Slowly but surely the gran fondo scene is spreading from Italy to the US. There’s a thriving scene in Britain although this is hamstrung by local laws preventing riders from racing and it’s beginning to take of in Australia with the Alpine Classic and races like Grafton – Inverell being open to all.
Gran fondo literally translates from Italian as “great depth” but it means long distance and a typical event is over 150km in length and features several prominent climbs. It’s not uncommon to find rides over 200km with several first category climbs during the middle of the season, a route worthy of a “Queen Stage” of the Giro or Tour. French rides are known as cyclosportives.
Things took off in France in the 1980s with a ride called the Marmotte, 168km loop from Bourg d’Oisans via the Col du Glandon, Télégraphe and Galbier before returning to Bourg d’Oisans and then climbing to the finish at Alpe d’Huez. This set the template for many other events in France and Italy, as well as Switerzland and Spain. There’s often an association with pro races or pros. For example amateurs can ride the Tour of Flanders route on the eve of the pro Ronde and there are events named after pros, eg the Gran Fondo Marco Pantani. Above all, there is the Etape du Tour, a ride organised by Tour de France organisers ASO that takes a stage of the Tour de France every year and lets thousands of amateurs try the route for themselves.
Something for everyone
The events have become outstandingly popular. First they offer a challenge to all riders, a chance to test yourself on some big, often legendary roads and nobody goes home with fresh legs. Second there is something for everyone, a relative newcomer can take satisfaction in merely completing the course, some will enjoy riding hard with others and being able to descend a mountain pass on closed roads and finally a few will treat it as a race, the distance and profile is enough to put local elite riders under strain and there’s big prize money and trophies at stake. Third there’s the association with the professional side, a little stardust can rub off and indeed racing up the Mortirolo or Galibier is something 99.9% of cyclists can only know via these events.
|As far as the eye can see
It’s not all perfect
The arrival of up to 10,000 riders laden with energy food means a lot of litter for the areas they visit, something riders should note and aim to take home their litter. On the sporting side the success of these cyclosportives comes partially at the expense of more traditional road races. Riders who might once have opted for local road race might now and this leaves traditional club structures floundering. Road racing is already under pressure, for example events are very rare in the Paris region already, and the trend away from competitive cycling is accelerating this. Municipal authorities often prefer to back one ride for 2,000 riders rather than a local race for 80 riders. If this trend continues then there’s the risk that fewer and fewer riders become elite amateurs and then pros.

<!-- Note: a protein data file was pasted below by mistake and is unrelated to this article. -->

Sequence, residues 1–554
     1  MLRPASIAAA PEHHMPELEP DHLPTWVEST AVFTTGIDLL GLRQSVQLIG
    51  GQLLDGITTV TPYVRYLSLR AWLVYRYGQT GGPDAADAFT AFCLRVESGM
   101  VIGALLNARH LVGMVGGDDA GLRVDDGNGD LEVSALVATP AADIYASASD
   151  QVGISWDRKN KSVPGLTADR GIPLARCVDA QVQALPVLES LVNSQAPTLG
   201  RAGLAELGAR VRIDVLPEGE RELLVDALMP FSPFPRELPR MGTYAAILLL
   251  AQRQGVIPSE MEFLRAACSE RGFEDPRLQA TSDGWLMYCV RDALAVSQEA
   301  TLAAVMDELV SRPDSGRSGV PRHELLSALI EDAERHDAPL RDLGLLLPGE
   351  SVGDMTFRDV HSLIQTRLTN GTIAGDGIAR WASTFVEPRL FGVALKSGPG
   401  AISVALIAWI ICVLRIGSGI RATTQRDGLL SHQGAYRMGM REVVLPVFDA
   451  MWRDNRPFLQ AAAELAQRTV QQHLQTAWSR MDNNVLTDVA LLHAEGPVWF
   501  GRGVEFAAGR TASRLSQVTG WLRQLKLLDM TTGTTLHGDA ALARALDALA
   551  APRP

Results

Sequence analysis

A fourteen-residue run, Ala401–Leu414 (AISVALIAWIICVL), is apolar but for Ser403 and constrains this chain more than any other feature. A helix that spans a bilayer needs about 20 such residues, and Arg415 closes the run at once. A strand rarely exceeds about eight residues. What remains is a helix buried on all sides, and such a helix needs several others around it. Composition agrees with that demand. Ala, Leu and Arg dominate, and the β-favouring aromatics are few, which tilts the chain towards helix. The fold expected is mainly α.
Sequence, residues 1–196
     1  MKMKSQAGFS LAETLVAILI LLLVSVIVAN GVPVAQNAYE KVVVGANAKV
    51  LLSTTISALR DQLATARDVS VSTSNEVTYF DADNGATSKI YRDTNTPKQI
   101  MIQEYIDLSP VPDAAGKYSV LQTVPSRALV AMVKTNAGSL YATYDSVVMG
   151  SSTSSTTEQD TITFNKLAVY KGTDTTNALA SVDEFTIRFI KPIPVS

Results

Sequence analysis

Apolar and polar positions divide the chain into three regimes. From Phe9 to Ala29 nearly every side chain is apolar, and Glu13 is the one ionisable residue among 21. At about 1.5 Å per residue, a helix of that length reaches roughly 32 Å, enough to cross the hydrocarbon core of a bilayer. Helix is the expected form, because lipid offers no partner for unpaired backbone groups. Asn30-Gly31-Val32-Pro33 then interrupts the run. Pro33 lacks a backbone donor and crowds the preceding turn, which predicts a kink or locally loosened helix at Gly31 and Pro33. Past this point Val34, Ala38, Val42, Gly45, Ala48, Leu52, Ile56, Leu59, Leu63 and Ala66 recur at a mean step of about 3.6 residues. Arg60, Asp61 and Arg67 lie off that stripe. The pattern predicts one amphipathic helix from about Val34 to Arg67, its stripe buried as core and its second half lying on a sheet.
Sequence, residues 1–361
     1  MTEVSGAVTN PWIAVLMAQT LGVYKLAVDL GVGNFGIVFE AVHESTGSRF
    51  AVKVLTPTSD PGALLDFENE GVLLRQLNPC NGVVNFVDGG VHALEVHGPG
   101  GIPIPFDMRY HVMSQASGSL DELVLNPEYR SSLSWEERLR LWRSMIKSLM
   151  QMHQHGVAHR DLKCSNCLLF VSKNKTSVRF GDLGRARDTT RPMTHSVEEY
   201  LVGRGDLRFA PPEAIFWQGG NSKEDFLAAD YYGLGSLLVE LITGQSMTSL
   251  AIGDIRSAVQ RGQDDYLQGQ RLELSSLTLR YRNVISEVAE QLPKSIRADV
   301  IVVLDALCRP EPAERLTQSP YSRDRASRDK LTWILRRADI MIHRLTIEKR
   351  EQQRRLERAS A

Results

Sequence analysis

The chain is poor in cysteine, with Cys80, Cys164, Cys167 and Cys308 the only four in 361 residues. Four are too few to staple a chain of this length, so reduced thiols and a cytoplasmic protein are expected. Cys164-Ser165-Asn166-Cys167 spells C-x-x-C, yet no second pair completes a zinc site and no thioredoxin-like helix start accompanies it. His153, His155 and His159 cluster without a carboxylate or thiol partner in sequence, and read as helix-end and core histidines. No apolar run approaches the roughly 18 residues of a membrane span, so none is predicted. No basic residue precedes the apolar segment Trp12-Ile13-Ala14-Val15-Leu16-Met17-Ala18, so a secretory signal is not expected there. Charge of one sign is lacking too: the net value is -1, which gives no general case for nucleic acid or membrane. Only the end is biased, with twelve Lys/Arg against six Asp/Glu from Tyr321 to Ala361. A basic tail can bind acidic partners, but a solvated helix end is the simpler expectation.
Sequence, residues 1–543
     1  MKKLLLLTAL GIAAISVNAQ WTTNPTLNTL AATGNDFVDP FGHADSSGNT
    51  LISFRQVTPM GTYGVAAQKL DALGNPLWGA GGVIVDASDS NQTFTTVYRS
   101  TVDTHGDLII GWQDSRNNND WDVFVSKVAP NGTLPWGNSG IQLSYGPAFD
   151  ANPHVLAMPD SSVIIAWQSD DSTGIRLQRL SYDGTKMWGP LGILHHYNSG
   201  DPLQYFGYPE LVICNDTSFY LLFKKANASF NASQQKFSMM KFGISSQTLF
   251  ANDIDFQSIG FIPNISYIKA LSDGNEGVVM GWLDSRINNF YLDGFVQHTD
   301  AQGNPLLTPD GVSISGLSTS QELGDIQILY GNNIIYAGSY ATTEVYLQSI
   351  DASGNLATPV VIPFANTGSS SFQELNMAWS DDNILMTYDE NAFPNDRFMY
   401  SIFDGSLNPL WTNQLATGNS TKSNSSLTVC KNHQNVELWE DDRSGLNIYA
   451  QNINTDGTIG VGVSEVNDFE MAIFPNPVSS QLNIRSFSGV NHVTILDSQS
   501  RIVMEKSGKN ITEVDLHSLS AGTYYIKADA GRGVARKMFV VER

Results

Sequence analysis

Big money, big teams
But there are other avenues to prove talent. Italy has a flourishing scene of gran fondo teams where riders are full-time or semi pro and some successful riders have joined the pro ranks. There’s money here because it’s a way to reach thousands of weekend warriors. If pro racing can sometimes be too far removed, a typical rider could find themselves on the start line alongside a pro on a shiny bike and it’s a way for these teams to market their wares right in front of potential customers. With the money and prestige inevitable there is doping.
|Sportive: soft ride, hard price?
It’s a whole new market. Manufacturers are producing new frames with slightly more relaxed angles, for example the Cervélo RS frames. Britain is awash with bikes labelled “sportive”. The aim is to offer an easier ride with more forgiving geometry, after all most riders are not looking for maximum rigidity in order to launch searing attacks.
For participants, it’s a big day on the bike and despite the expense associated with participation commercial ideas are forgotten once the entrant is suffering. It’s a chance to remember just how good cycling can be, to test themselves in a beautiful arena. The popularity of these events is soaring. Is this the future of road cycling?